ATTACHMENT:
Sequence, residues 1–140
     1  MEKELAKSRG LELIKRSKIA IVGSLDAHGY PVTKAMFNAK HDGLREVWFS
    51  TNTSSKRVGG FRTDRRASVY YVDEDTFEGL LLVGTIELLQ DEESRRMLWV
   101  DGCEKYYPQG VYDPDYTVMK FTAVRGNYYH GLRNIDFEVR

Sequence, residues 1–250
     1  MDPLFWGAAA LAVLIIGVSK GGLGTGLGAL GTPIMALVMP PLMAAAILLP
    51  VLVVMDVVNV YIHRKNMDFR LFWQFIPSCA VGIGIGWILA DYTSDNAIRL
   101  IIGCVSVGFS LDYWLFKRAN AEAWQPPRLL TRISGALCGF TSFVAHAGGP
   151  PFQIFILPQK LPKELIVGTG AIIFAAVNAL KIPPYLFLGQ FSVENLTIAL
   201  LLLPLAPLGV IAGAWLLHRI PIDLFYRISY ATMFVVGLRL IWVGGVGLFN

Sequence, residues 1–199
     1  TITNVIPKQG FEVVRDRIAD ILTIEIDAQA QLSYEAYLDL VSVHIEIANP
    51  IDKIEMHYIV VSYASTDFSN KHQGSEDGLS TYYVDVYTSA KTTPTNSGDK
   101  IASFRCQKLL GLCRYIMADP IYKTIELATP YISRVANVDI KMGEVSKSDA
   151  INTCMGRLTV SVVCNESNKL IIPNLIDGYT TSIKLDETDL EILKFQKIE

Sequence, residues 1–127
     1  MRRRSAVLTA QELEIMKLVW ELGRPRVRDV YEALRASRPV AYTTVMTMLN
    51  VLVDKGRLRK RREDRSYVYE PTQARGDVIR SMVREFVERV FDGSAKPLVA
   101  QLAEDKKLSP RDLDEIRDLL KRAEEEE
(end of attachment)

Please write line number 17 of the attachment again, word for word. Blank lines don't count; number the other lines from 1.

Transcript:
     1  MRRRSAVLTA QELEIMKLVW ELGRPRVRDV YEALRASRPV AYTTVMTMLN